F-15Es Deploy to Estonia to Aid NATO Air Policing Amid Russian Tensions

Half a dozen U.S. Air Force F-15Es landed in Estonia on Jan. 26 to aid NATO’s enhanced air policing mission, as tensions in Eastern Europe continue to simmer over a potential Russian invasion of Ukraine.

While in Estonia, the American fighters will integrate with a detachment of Belgian F-16s, NATO Allied Air Command said in a press release. In addition to working on the enhanced air policing mission, they will also work with NATO allies in the Baltics to practice air-to-air and air-to-ground maneuvers, the release said.

The six F-15E Strike Eagles are assigned to the 4th Fighter Wing from Seymour Johnson Air Force Base, N.C, the Air Force noted in releasing photos of the fighters landing at Amari Air Base, Estonia.

The photos also showed Airmen from the 4th Fighter Wing and the 48th Fighter Wing from RAF Lakenheath, England, arriving in a C-130J on Jan. 24 to support the mission.

“Baltic and enhanced Air Policing are enduring NATO missions that deliver constant vigilance of Allied airspace and contribute to the Alliance’s collective defense posture,” Maj. Gen. Jörg Lebert, Chief of Staff of Headquarters Allied Air Command, said in a statement. “The additional aircraft will work closely with the current detachments to increase our readiness, build crucial interoperability, and underline the robust solidarity across the Alliance.”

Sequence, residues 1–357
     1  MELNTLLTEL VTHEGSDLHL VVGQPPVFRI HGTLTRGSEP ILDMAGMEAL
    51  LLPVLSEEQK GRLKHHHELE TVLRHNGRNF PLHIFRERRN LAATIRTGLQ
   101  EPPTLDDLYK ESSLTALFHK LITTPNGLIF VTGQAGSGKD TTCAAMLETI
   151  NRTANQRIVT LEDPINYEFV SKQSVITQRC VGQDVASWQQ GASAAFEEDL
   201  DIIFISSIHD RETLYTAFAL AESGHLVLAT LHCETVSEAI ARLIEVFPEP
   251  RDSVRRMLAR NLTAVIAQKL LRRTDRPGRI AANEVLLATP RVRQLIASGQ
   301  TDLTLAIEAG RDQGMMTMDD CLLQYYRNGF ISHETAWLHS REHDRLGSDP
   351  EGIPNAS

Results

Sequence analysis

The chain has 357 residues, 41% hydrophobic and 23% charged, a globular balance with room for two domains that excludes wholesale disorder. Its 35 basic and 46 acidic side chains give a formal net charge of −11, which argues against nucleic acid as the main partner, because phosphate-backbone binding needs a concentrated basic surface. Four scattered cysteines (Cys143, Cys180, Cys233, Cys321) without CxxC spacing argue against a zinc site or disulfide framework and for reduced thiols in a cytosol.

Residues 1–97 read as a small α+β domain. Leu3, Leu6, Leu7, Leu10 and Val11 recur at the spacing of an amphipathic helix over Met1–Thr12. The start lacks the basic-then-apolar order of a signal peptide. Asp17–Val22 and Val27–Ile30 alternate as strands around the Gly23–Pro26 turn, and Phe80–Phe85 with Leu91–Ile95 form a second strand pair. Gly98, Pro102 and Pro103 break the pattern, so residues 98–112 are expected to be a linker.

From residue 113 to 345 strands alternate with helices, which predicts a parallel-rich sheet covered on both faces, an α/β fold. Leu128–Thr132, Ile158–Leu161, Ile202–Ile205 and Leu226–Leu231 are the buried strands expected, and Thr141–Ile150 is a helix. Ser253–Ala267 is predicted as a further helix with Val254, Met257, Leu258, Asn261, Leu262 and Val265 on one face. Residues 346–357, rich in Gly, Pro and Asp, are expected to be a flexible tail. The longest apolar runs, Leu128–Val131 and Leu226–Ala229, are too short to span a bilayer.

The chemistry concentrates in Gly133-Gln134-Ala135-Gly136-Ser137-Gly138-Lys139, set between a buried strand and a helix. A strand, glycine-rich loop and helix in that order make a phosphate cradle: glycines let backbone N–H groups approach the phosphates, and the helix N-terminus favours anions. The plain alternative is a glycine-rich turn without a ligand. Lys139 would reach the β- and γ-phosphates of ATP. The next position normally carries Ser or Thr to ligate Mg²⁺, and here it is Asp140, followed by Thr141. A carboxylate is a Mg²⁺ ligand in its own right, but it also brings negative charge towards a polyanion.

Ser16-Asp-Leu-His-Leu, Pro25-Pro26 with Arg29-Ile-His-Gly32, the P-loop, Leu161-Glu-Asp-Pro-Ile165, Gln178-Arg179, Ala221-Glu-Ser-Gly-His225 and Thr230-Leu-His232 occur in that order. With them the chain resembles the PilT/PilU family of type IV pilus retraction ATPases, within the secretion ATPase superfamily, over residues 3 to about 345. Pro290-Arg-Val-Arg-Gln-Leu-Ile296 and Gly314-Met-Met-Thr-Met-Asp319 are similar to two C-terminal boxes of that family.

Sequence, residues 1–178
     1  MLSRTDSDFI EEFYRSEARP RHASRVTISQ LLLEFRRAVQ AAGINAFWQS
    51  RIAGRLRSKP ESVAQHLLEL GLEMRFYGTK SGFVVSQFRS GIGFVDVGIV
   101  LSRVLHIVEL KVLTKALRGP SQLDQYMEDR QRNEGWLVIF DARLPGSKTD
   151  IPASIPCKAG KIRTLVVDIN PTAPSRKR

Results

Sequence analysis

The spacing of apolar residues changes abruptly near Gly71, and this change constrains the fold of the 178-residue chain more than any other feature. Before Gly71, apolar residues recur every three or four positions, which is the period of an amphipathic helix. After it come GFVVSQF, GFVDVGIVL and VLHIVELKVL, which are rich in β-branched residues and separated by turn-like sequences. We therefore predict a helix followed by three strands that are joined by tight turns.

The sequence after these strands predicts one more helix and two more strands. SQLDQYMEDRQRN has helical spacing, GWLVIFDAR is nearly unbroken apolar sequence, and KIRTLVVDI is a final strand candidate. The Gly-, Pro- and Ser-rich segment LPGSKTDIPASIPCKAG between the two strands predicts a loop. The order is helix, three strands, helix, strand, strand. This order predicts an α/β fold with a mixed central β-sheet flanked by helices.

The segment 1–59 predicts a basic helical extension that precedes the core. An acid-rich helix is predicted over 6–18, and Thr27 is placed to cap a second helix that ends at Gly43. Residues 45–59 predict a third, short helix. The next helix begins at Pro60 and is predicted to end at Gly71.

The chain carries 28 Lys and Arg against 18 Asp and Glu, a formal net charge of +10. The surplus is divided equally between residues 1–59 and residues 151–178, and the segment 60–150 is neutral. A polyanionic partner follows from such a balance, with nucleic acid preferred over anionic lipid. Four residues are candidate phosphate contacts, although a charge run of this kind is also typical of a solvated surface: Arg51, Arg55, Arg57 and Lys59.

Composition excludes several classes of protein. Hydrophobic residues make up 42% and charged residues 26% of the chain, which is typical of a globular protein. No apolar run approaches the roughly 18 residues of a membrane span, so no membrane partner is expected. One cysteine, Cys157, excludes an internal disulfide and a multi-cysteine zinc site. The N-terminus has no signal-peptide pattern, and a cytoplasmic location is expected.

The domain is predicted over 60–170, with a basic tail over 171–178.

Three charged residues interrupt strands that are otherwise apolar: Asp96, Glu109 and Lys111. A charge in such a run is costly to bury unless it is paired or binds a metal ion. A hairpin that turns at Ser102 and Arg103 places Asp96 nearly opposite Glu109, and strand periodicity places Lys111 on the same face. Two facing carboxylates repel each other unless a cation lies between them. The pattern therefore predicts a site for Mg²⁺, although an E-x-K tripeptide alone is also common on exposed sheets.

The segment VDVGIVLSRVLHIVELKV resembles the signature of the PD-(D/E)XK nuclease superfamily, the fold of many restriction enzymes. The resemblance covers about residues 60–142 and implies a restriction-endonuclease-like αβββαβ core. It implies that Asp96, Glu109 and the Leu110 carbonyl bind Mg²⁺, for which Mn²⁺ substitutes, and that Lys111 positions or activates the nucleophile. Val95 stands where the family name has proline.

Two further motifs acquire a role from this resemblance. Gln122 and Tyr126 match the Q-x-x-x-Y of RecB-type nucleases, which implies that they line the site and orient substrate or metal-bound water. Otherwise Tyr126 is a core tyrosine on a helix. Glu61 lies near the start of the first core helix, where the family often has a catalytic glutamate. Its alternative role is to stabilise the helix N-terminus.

NATO’s air policing mission is focused on monitoring for “airspace violations, suspicious air activity close to the alliance’s borders, or other kinds of unsafe air traffic,” with fighters being tasked to scramble in response to any threat.

Reuters, citing an official at Amari Air Base, reported that the U.S. fighters will be deployed “until the end of next week”—Feb. 4 or 5.

The deployment of the F-15Es comes just two weeks after the Air Force sent F-16s to Poland en route to Lithuania and Estonia to train with Eastern European allies on air policing. At the time, U.S. Air Forces in Europe stressed in a statement that the deployment was “long planned.”

Still, the deployments come at a time when any military activity in the region is sure to garner interest. Russia has maintained a troop presence of some 100,000 along the Ukrainian border for months now, with sophisticated air force and anti-access/area denial (A2/AD) capabilities that experts believe would allow for a swift invasion.

President Joe Biden has said he will not send any American troops to Ukraine itself, but Defense Secretary Lloyd J. Austin III recently ordered 8,500 troops in the continental U.S. to prepare to deploy to Europe for a potential Ukraine contingency within five days. Biden has also sought to warn Russia off a potential invasion, threatening a “heavy price” for Russian President Vladimir Putin if he does so.

At the same time, NATO allies along the eastern flank have clamored for an increased U.S. presence in their countries—Estonian Prime Minister Kaja Kallas, Lithuanian Prime Minister Ingrida Šimonytė, and Romanian President Klaus Iohannis have all indicated a willingness to host more troops in the past few months.